Minecraft Light Up Torch for Your Keychain

Introduction: Minecraft Light Up Torch for Your Keychain

About: I am a die hard Anaheim Ducks hockey fan. I love to take things apart and design/build innovative things and I am always thinking of something to build. In my spare time I love surfing, even though the word lo…

Ever wanted a minecraft trinket but never gotten the chance to get one? Well, here's your chance to create your own, and an even better one. It is a satisfying feeling to have made your own thing, whatever it is. So, here is your chance to create your own light-up minecraft torch.

Step 1: Adobe Illistrator

Now you are going to need some kind of drawing program. I find that Adobe Illustrator is probably the best one out there, so that is what I used. Now, I realize that Adobe Illustrator is quite a bit of money (I think that its like $15 a month or something) so instead of buying the program, I opted to just get the free 30 day trial. This gave me plenty of time to do this (and I would hope that it would take you less than 30 days to make something as simple as this).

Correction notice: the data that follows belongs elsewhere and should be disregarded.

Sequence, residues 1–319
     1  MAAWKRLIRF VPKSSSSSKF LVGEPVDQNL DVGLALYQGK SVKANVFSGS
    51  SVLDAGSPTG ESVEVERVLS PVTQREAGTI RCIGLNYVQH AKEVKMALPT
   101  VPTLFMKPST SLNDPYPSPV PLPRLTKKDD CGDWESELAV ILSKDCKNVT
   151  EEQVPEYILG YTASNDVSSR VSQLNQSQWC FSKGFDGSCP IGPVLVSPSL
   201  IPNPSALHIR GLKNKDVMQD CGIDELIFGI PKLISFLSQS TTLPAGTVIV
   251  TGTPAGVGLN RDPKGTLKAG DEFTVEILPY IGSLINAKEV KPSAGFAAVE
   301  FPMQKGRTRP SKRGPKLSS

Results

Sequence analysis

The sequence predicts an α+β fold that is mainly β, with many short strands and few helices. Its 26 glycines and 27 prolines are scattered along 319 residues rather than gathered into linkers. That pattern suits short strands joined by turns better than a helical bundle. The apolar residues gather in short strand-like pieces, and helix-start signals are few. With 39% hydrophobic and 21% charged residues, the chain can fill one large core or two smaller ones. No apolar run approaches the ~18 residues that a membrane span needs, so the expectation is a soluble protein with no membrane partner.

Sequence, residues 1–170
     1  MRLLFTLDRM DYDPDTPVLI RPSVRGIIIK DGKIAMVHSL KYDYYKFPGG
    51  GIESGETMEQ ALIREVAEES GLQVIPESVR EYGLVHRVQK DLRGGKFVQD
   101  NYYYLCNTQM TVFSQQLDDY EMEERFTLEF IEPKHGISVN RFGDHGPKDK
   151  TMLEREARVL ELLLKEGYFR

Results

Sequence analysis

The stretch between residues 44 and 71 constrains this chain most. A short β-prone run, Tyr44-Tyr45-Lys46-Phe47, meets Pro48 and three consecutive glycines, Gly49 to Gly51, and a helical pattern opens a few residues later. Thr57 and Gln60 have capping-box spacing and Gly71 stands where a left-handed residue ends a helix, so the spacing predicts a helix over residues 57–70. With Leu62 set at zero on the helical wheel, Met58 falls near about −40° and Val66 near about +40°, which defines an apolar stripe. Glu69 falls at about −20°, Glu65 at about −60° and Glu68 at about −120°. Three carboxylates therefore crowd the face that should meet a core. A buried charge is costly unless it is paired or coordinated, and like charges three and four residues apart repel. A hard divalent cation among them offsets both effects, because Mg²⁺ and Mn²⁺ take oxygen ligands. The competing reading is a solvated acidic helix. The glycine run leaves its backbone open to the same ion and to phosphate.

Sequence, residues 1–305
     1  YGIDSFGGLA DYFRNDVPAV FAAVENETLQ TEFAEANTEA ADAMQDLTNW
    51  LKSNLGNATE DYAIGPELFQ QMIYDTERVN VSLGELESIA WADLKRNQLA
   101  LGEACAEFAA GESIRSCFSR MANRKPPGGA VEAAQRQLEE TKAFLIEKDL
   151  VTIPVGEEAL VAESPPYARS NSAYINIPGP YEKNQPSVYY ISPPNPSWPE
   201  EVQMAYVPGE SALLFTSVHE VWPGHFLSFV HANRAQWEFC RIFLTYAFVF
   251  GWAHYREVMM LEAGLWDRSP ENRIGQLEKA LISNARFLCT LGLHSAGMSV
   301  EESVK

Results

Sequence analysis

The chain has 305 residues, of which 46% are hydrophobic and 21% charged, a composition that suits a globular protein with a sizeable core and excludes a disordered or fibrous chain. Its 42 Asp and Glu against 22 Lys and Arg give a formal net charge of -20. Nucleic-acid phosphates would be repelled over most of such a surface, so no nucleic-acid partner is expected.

You can get the free trial from here.

Once you have gotten the program, open up Adobe Illustrator. Then create a new page (Ctrl/Command+N) and make sure that it is in the letter sized format, and I also recommend using CMYK mode because this is what printers use to print, so the colors will be the most accurate. Once you have your document you need to preferences, in the top right corner-ish, then to units on the right of the new window that pops up, then switch general to inches instead of points.